Gouging for the Green
It’s raining in St. Louis on this St. Patrick’s day, so I wouldn’t be surprised if today’s Ancient Order of Hibernians Parade were less well-attended than usual (which is fine by me, because I managed to combine my celebration with exercise at a previous event this past weekend). However, the controversial outside alcohol ban enacted around the parade (and previously commented upon by Mr. Stokes) gained another dimension this morning after this report was issued by the Post-Dispatch.
According to the Post, parade organizers set up a checkpoint system to prevent parade-goers from bringing in outside alcohol without remembering that there was still one non-bar establishment within the checkpoints from which alcoholic beverages could be purchased:
But the Hibernians forgot about Patrick’s. The store is inside a
city-designated "festival area," only the perimeter of which the
security guards will patrol.
Bob Kraiberg, the city’s excise commissioner, said that the city has
lifted its usual ban on street drinking for the parade and that nothing
is to stop liquor store customers from drinking their purchases
Thus, in a land of $8 beers, thousands of wet, drunken parade goers will have a single refuge where gallons of a certain locally brewed product can still be obtained in the aluminum format St. Louisans love so much:
Patrick Wrzesinski, the store’s owner, said there’s a good chance this
year’s sales could set a record. On Friday, he said, he was stocking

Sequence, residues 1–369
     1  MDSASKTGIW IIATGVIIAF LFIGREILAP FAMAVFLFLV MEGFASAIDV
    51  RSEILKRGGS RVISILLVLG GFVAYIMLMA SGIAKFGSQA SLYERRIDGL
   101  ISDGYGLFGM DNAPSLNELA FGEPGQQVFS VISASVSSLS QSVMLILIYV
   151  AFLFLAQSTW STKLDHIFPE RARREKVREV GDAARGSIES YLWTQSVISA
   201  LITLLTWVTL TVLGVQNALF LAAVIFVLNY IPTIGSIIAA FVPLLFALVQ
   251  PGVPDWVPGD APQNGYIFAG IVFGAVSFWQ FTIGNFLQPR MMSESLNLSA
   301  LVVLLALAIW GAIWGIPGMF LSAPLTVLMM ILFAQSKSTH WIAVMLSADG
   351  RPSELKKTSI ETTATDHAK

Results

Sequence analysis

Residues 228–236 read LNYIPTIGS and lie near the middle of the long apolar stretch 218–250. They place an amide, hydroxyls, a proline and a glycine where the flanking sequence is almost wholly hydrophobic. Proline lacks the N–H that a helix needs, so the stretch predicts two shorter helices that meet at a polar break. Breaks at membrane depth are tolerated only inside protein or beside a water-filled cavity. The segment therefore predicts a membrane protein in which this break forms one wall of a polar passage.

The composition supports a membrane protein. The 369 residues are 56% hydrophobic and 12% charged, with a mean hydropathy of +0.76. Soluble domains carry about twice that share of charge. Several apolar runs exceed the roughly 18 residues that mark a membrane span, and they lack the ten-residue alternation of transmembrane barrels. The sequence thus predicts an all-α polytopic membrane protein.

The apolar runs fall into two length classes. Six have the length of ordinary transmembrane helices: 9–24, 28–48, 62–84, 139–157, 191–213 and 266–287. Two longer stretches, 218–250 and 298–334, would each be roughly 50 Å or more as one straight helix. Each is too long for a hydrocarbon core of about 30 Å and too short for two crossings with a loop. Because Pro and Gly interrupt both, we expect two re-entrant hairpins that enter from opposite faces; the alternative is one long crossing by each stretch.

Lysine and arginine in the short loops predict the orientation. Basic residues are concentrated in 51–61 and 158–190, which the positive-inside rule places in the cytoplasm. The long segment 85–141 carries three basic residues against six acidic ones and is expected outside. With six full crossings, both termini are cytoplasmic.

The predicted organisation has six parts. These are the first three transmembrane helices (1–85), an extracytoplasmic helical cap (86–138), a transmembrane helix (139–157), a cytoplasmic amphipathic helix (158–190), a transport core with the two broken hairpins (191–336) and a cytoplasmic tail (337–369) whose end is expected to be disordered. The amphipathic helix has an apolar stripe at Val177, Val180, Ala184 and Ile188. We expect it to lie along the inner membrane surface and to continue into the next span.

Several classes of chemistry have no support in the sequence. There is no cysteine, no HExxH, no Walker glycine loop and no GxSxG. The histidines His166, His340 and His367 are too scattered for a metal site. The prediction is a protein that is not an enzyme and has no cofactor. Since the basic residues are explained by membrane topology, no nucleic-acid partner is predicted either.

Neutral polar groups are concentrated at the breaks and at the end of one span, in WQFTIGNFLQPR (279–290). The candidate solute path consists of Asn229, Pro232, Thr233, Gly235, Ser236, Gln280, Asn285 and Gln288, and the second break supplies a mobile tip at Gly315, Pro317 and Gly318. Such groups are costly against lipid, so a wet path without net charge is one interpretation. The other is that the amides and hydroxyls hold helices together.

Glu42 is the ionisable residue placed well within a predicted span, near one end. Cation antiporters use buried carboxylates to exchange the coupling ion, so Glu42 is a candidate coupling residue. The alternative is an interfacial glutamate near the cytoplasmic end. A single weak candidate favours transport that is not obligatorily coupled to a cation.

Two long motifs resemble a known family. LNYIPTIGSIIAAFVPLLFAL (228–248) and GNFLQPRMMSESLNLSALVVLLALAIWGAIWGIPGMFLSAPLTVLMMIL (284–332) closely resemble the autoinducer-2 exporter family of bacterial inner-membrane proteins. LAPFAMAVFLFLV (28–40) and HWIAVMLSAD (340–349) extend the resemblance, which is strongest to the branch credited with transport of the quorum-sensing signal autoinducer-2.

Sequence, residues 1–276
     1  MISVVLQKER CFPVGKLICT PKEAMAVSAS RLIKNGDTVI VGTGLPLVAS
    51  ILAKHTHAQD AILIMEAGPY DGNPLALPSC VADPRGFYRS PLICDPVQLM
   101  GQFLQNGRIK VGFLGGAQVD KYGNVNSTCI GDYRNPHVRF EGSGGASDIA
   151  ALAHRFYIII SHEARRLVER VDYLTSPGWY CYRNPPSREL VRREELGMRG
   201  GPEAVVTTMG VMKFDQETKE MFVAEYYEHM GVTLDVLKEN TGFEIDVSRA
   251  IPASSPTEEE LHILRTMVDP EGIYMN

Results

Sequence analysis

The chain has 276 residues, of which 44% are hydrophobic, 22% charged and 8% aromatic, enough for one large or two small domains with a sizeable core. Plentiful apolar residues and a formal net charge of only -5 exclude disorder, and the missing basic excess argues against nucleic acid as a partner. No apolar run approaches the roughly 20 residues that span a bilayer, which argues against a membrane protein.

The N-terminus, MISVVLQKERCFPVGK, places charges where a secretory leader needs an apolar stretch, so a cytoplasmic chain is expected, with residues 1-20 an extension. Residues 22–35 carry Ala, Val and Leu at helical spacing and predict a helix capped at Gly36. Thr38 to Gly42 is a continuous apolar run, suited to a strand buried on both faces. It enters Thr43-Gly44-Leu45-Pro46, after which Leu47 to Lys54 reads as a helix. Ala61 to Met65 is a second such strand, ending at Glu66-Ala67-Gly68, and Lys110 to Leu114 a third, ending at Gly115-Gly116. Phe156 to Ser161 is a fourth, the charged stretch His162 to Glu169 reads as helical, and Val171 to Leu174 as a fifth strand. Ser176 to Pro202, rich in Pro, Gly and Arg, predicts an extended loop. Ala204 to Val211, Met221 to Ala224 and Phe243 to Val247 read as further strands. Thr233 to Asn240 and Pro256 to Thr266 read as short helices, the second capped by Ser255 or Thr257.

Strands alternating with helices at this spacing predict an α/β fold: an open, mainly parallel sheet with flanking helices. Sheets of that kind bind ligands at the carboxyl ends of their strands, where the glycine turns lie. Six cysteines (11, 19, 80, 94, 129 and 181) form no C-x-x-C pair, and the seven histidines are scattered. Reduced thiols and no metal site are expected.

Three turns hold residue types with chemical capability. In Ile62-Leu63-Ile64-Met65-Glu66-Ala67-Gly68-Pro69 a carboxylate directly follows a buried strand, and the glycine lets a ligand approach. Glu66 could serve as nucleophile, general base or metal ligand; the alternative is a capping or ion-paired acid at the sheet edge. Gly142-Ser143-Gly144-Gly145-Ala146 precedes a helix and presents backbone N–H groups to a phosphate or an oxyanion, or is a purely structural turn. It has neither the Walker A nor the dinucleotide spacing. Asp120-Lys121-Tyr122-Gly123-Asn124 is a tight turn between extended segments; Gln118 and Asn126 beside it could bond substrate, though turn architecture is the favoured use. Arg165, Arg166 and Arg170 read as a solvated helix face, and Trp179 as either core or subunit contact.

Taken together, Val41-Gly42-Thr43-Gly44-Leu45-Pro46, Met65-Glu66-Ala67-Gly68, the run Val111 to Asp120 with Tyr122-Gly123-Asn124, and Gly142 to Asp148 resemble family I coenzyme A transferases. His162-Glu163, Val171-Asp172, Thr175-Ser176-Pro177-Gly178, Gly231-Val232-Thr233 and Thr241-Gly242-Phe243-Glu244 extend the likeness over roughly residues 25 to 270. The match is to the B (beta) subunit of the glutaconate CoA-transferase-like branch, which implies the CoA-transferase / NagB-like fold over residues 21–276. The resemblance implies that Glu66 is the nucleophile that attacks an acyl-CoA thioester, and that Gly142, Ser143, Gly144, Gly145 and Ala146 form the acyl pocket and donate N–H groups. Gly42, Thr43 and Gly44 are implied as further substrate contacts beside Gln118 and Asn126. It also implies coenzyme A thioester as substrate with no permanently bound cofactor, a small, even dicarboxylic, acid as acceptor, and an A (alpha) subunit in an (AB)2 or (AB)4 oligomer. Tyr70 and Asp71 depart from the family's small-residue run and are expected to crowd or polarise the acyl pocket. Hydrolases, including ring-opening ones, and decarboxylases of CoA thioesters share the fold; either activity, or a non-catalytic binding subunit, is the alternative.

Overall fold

500 cases of beer.
Although I won’t be at the event, I can certainly understand the appeal for all parties of a within-checkpoint liquor store where purchases can immediately be consumed outside on the street. Although the issue of protectionism was already commented upon in the previous post by our resident redhead, it seems that Mr. Wrzesinski has suddenly been presented with a wonderful practice point in market economics.
When you go to a ballgame at Busch Stadium, you’re not paying $8 for a beer because that’s how much it costs the good people on Pestalozzi Street to make you’re paying that much because naming a building after your company pretty much gives you a monopoly over the market. If you could get it cheaper, you would but instead, you fork over the cash. Patrick’s now has the luxury of benefiting from restricted supply and heightened demand, and they are perfectly within their right to do so. After all, if the beer is $8 outside, what’s to stop Patrick’s from doubling its prices to take advantage of the situation? This practice has been defended before in this space, and I see no reason why it shouldn’t again be applied here.
So go forth, lucky lone liquor store, charge $10 for six cans of Bud Light! Everyone will thank you for it … except for every other alcohol retailer within five miles they’ll still hate your guts.